Under the Form W-2 safe harbor, an employer may determine the affordability of its health coverage by reference only to an employee's wages from that employer, instead of by reference to the employee's household income. Wages for this purpose is the amount that is required to be reported in Box 1 of the employee's Form W-2. The proposed rules emphasize that wages for the purposes of the Form W-2 safe harbor does not take into account any elective deferrals to a 401(k), 403(b) or cafeteria plan.

Eligibility for the Form W-2 Safe Harbor

To be eligible for the Form W-2 safe harbor, an employer must:

  • Offer its full-time employees (and their dependents) the opportunity to enroll in minimum essential coverage under an employer-sponsored plan; and
  • Ensure that the employee portion of the self-only premium for the employer's lowest cost coverage that provides minimum value (employee contribution) does not exceed 9.5 percent of the employee's W-2 wages.

If the employer satisfies both of these requirements for a particular employee, along with any other conditions for the safe harbor, the employer will not be subject to a penalty for providing unaffordable coverage with respect to that employee. This is the case even if the employee receives a premium tax credit or cost sharing reduction to purchase coverage through a health insurance exchange.

Timing of the Form W-2 Safe Harbor

Whether the safe harbor applies will be determined after the end of the calendar year and on an employee-by-employee basis, taking into account W-2 wages and employee contributions. However, an employer could also use the Form W-2 safe harbor prospectively, at the beginning of the year, by structuring its plan and operations to set the contribution for each employee at a level that would not exceed 9.5 percent of that employee's W-2 wages for that year. Employers may also make adjustments for pay periods so that the employee contribution does not exceed 9.5 percent of the employee's W-2 wages.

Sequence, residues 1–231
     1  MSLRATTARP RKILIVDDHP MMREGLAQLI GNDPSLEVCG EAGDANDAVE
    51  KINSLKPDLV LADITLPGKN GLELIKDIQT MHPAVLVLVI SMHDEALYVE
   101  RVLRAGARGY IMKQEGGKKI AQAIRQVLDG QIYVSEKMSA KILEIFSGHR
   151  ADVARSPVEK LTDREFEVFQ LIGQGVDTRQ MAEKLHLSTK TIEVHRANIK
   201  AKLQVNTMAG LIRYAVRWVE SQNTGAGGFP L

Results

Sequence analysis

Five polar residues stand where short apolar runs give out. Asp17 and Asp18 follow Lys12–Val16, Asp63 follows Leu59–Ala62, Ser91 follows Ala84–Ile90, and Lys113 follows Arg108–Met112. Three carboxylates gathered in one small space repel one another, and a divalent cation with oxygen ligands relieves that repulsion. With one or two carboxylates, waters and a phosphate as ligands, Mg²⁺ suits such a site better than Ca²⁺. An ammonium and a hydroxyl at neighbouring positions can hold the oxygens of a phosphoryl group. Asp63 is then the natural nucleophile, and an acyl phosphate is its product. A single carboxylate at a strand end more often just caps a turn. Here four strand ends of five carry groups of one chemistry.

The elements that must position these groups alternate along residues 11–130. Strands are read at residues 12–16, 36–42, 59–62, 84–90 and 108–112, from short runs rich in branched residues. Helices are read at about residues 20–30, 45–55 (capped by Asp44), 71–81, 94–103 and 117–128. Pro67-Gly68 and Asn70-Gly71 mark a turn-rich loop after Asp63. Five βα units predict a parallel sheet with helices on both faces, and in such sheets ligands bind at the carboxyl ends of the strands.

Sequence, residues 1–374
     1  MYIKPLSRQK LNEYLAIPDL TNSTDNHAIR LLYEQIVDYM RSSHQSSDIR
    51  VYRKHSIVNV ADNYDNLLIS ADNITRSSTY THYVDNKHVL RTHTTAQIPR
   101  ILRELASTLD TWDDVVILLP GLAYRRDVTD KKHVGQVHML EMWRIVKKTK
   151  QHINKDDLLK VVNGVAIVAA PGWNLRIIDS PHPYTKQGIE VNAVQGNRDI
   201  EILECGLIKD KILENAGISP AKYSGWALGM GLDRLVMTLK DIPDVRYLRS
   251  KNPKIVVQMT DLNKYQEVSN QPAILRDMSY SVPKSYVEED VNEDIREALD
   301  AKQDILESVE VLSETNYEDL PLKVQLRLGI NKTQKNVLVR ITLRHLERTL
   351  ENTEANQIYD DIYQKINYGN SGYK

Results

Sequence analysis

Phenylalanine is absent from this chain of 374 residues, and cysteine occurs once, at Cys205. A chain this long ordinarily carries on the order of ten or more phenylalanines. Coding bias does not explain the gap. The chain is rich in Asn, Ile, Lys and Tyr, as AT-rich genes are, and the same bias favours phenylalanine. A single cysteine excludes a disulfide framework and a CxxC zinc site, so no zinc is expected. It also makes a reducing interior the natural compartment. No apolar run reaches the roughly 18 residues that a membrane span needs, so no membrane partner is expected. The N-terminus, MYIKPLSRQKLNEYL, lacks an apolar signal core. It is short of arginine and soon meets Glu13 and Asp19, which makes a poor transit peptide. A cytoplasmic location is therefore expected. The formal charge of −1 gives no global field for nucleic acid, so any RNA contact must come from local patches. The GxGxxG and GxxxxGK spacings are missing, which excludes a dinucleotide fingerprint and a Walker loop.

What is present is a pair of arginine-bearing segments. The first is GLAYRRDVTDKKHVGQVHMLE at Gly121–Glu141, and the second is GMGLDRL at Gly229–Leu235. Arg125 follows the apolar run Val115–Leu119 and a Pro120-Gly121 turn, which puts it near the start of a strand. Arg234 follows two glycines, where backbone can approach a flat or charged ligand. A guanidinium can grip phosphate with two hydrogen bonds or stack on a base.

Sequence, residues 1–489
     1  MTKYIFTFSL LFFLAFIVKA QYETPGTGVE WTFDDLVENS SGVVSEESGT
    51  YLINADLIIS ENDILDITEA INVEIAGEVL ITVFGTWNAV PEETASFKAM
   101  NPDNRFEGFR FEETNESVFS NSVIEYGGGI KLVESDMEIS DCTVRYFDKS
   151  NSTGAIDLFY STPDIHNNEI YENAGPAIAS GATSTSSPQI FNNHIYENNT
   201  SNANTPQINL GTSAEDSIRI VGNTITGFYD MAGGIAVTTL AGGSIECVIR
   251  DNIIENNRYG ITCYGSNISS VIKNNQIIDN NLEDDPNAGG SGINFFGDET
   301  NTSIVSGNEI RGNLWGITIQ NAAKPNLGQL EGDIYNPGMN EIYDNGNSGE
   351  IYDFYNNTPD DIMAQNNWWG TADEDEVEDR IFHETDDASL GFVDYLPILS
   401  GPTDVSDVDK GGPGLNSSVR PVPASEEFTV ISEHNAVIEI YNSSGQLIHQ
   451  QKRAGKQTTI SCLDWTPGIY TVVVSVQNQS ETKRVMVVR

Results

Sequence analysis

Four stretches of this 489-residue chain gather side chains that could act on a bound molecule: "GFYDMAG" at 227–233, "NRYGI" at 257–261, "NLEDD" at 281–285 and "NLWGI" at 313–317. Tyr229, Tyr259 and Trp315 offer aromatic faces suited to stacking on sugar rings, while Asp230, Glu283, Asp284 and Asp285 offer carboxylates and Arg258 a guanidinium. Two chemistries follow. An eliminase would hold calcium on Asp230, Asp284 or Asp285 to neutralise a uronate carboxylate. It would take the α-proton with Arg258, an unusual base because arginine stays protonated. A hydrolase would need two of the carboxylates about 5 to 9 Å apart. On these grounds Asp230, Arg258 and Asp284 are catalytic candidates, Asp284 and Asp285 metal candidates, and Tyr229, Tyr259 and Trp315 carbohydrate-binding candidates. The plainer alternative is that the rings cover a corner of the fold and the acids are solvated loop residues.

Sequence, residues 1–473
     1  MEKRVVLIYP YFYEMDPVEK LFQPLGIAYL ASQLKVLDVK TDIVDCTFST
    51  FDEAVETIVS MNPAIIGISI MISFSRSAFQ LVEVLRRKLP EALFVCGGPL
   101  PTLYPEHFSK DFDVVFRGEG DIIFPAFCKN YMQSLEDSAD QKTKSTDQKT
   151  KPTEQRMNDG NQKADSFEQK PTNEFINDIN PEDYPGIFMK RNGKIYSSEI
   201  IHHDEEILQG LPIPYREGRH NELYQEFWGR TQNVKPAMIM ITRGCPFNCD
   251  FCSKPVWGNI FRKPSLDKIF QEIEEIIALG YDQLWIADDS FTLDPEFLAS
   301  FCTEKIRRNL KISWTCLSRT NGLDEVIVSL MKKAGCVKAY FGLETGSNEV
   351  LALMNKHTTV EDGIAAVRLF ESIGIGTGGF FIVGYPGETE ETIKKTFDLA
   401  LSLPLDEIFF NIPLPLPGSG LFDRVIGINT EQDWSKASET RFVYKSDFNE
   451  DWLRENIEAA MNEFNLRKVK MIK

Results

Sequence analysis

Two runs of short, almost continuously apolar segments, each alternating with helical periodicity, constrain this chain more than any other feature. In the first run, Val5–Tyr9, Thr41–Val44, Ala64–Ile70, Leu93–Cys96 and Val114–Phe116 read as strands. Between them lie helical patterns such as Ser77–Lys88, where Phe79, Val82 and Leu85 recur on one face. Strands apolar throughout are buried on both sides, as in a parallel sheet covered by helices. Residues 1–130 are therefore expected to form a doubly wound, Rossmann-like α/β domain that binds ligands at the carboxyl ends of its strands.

Form W-2 Safe Harbor for New Employees

For an employee who was not a full-time employee for the entire calendar year, the Form W-2 safe harbor is applied by adjusting the employee's Form W-2 wages to reflect the period when the employee was offered coverage. The adjusted wages will then be compared to the employee share of the premium during that period.

Specifically, the amount of the employee's compensation for purposes of the Form W-2 safe harbor is determined by multiplying the wages for the calendar year by a fraction equal to the months the employee was employed. That adjusted wage amount is then compared to the employee share of the premium for the months that coverage was offered to determine whether the Form W-2 safe harbor was satisfied for that employee.


The rate of pay safe harbor was designed to be easy to apply and allow employers to prospectively satisfy affordability without the need to analyze every employee's wages and hours. For hourly employees, the rate of pay safe harbor allows an employer to:

  • Take the hourly rate of pay for each hourly employee who is eligible to participate in the health plan as of the beginning of the plan year;
  • Multiply that rate by 130 hours per month (the benchmark for full-time status for a month); and
  • Determine affordability based on the resulting monthly wage amount.

Specifically, the employee's monthly contribution amount (for the self-only premium of the employer's lowest cost coverage that provides minimum value) is affordable if it is equal to or lower than 9.5 percent of the computed monthly wages (that is, the employee's applicable hourly rate of pay multiplied by 130 hours). For salaried employees, monthly salary would be used instead of hourly salary multiplied by 130 hours.

An employer may use the rate of pay safe harbor only if, with respect to the employees for whom the employer applies the safe harbor, the employer did not reduce the hourly wages of hourly employees, or the monthly wages of salaried employees, during the year.